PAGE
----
When you feel stressed where do you feel that? Most people respond with, “I feel stress in my back or my shoulders or chest. As with any emotion we experience stress in our bodies and that’s why remedial massage can help reduce stress.

Progressive Muscle Relaxation (PMR) is another easy body relaxation exercise to reduce stress when you most need it. Practice relaxing and tensing your muscles with slow breathing. This exercise will go through your entire body, one section at a time. You will tense your muscles for five counts and release for 10 counts. When you have released your muscles, use soothing words in your mental self-talk, such as “relax”, “I am now relaxed and calm”, “I am calm”, or “I am relaxed”. Begin this relaxing exercise in the following sequence:

  1. Tense your forearm. Make a fist with you right hand and tense your forearm steadily for five counts, then release for 10 counts. Repeat on your left
  2. Tense your upper arm. Tense the muscles in your biceps and triceps without the use of your forearm, bringing your right forearm up to your shoulder making a muscle. Hold for a count of five. Release it and relax for a count of 10. Repeat on your left
  3. Tense your face. Raise your eyebrows as high as they will go, hold for a count of 5 and release for a count of 10. Next, close your eyes and squeeze your eyes tightly holding for a count of 5 and releasing for a count of 10. Lastly, open your mouth as wide as you can as if you were going to yawn, holding for a count of 5 and releasing for a count of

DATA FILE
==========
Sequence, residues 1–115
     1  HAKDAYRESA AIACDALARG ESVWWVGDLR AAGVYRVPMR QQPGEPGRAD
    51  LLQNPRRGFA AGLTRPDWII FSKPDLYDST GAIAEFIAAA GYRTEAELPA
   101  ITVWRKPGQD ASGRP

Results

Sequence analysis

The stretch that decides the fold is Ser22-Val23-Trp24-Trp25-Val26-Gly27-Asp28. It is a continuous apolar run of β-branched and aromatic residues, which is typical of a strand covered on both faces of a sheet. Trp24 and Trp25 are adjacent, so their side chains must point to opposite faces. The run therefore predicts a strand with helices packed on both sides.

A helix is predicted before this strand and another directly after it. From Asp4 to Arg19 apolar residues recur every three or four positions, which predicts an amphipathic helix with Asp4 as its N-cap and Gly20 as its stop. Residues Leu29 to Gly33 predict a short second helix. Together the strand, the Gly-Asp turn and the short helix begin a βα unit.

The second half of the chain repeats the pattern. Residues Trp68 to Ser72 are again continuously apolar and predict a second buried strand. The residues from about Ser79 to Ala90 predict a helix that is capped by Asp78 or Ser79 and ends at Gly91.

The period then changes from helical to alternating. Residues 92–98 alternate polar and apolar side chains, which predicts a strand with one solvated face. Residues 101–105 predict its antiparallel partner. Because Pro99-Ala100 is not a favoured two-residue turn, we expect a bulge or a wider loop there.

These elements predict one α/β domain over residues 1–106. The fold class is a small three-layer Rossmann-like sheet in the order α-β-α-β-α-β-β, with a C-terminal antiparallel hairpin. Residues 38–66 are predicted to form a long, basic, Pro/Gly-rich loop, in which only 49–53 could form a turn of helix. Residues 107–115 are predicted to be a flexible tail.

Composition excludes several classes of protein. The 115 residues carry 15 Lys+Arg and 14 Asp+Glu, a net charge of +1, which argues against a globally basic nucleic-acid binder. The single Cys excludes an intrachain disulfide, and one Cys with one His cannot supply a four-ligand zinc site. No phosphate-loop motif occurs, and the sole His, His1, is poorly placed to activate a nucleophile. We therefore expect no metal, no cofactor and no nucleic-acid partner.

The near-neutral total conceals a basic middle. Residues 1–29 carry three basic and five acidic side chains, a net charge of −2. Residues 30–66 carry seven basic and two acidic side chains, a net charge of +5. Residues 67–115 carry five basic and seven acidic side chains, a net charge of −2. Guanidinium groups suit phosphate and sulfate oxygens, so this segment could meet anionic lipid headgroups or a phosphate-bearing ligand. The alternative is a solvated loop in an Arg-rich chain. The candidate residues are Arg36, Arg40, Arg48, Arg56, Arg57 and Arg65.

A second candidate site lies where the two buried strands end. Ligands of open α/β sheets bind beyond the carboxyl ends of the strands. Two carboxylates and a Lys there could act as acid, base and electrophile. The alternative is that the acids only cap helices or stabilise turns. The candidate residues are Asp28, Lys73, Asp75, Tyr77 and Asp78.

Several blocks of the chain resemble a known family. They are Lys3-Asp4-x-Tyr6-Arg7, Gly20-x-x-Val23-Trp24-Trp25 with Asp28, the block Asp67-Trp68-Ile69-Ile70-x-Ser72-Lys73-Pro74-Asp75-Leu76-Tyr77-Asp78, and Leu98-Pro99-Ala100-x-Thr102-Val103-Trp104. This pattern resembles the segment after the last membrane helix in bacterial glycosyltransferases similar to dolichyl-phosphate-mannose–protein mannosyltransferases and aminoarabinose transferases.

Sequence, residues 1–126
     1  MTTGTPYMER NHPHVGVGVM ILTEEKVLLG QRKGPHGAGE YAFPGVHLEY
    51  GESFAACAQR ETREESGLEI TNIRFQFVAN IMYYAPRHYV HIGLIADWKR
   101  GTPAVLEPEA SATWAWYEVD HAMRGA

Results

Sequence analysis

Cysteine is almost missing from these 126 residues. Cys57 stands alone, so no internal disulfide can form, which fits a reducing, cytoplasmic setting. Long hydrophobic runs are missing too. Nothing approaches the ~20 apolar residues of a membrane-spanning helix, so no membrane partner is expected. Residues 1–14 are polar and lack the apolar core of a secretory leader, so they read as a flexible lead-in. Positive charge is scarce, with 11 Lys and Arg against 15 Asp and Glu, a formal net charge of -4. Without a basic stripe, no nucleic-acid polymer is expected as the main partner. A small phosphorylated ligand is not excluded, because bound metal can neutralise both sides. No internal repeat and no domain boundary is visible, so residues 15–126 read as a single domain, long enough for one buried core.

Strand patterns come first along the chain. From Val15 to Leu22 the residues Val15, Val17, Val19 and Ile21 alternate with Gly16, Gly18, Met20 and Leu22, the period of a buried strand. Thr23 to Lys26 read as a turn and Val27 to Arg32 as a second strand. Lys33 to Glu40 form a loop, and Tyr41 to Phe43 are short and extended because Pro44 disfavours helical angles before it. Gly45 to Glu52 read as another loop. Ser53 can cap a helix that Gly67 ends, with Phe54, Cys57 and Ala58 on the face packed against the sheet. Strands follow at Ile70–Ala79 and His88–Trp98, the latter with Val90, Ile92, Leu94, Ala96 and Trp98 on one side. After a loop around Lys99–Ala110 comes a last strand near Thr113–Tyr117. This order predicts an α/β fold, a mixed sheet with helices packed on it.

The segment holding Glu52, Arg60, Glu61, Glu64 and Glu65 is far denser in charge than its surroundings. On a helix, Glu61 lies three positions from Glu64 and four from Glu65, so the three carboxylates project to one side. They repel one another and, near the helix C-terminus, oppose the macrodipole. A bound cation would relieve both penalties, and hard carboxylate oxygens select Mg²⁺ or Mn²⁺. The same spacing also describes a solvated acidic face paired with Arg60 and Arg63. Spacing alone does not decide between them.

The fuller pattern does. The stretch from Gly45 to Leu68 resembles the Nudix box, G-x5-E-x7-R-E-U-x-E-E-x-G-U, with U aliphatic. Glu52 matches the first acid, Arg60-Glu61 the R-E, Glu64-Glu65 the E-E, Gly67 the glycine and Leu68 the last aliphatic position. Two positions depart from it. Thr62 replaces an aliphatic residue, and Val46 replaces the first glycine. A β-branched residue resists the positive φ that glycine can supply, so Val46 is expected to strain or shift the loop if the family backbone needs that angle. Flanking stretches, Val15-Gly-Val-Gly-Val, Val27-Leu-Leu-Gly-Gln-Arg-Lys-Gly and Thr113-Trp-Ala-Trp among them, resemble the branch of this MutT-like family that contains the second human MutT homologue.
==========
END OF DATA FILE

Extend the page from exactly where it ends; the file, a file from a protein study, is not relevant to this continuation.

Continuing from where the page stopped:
4. Tense your neck. A lot of tension is stored in your neck, sometimes leading to a stiff neck or even tension headaches. Be careful when tensing the muscles of your neck, as this is a sensitive area to stress buildup. Face forward and pull your head back slowly as if you are looking up to the ceiling. Hold this position for a count of five and release for a count of 10.
  5. Tense your shoulders. Tense the muscles in your shoulders as you bring your shoulders up to your ears and push your shoulder blades back. Hold for five counts and release for 10 counts.
  6. Tense your chest and stomach. Breathe in deeply. Fill your lungs and chest with as much air as possible, squeezing your hip and buttocks muscles. Hold for a count of five and relax for a count of
  7. Tense your upper leg. Tighten your right thigh. Hold for a count of five and release for 10 counts. Next, tense your lower right leg. This should be done carefully to avoid leg cramps, pulling your toes toward your calf muscles. Hold for five counts and release for 10 counts. Lastly, curl the toes of your right foot and hold for a count of five and release for a count of 10. Repeat on your left

Practicing this technique of tensing and relaxing helps your body recognise what it feels like to be tense and what it feels like to be relaxed. Each time that you experience a stressful moment, practice this technique. With continued practice you will be able to notice when you are stressed just by the change in the feel of your body. This will give you the power to control stress, instead of having stress control you.

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